“Our exposure to sectors such as defence and technology will benefit from any increases in spending in these sectors. However, his policies – at least in the short term – are likely to be viewed as bond negative; yields might move higher on increased fiscal deficit spending and fears that this, and less immigration, might spark inflation. More growth and a steeper yield curve, however, would generally be positive for bank shares. Higher yields should support the US dollar.
Carrick says: “While the US economy has grown by an average of 3 per cent in the past 50 years, there is a stark difference between growth in the last decade of 1.5 per cent and the 3.25 per cent of the previous four decades. We believe this slowdown reflects structural rather than cyclical factors. And demographics – not policies – are largely to blame. The US birth rate peaked in the late-1950s with the Baby Boomers. These workers are now in their late 50s and their productivity is declining, bringing down the average.
“Ironically, the growth in the labour force is now driven entirely by immigration. This is a political hot potato and one that has underpinned Trump’s campaign.
“Despite the tight labour market, Yellen believes there is still ample slack in the US economy. In particular, she has indicated there are many ‘discouraged’ workers who can re-enter the labour market, as well as part-time workers who would prefer to work full time.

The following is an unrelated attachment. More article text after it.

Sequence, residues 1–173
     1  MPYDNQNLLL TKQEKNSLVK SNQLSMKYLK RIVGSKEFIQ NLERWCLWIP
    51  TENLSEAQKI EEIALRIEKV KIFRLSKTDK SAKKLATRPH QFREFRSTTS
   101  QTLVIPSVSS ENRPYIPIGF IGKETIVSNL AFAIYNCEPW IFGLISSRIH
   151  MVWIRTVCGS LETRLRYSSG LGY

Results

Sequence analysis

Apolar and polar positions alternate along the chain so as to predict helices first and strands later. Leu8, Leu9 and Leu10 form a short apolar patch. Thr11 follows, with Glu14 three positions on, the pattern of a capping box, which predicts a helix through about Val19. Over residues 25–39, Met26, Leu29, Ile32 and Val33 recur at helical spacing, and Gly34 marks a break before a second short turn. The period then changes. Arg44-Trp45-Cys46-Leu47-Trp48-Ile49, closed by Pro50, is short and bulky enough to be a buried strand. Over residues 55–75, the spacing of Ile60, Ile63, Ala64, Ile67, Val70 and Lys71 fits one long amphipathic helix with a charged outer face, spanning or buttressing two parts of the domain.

“However, we worry the US economy is running out of slack – particularly if the President-elect delivers on his promise to halt immigration.
“When the labour market tightens and wages begin to rise, marginal workers are drawn back into the labour force. While this extends the length of the economic cycle, our analysis suggests these marginal workers don’t prevent wages from picking up. Instead, they are a symptom of rising wage inflation.
“By end-2017, we foresee a tight US labour market pushing up core inflation. The Fed will then be caught between trying to raise rates to dampen inflation without wishing to squeeze the indebted corporate sector too much.
“Just as baby boomers are reaching the end of their working lives, this economic cycle is also getting close to the end.”
Axa IM CIO fixed interest Chris Iggo says: “Donald Trump promises to raise aggregate demand. He wants to double America’s economic growth rate. He wants to spend on the infrastructure (perhaps even getting some longer term supply side gains from that) and he doesn’t mind financing all of that by borrowing at record low interest rates. It’s what many people have been calling for.
“This means a higher trajectory for interest rates than would have otherwise been the case. It should mean that, in the year ahead, the Federal Reserve (Fed) raises its GDP growth forecasts and the gap between market expectations and the Fed’s “dot plots” becomes reduced. Maybe even the Fed begins to focus on the potential for higher rates in the future than it has communicated on in recent months. Markets will move more quickly than the Fed so the yield curve will steepen, but eventually the Fed will raise rates towards 2.0 per cent.”
Royal London Asset Management head of fixed income Jonathan Platt says: “Having initially sold off sharply, the yield on US government bonds has already risen back. However steeper yield curves and the implied level of future inflation have both risen, indicating longer term uncertainty.
“In Europe and the UK, government bond markets have actually changed little, while corporate bonds are a little weaker, but not significantly, although again yields on longer dated debt has risen.
“The main implications of this election are likely to be higher inflation as a result of fiscal policies such as tax cuts and infrastructure spending. In the medium term this will raise US and global interest rates, but there may be a short-term hit to consumer and business confidence. However, a comparison with Brexit would suggest that this could be overstated.”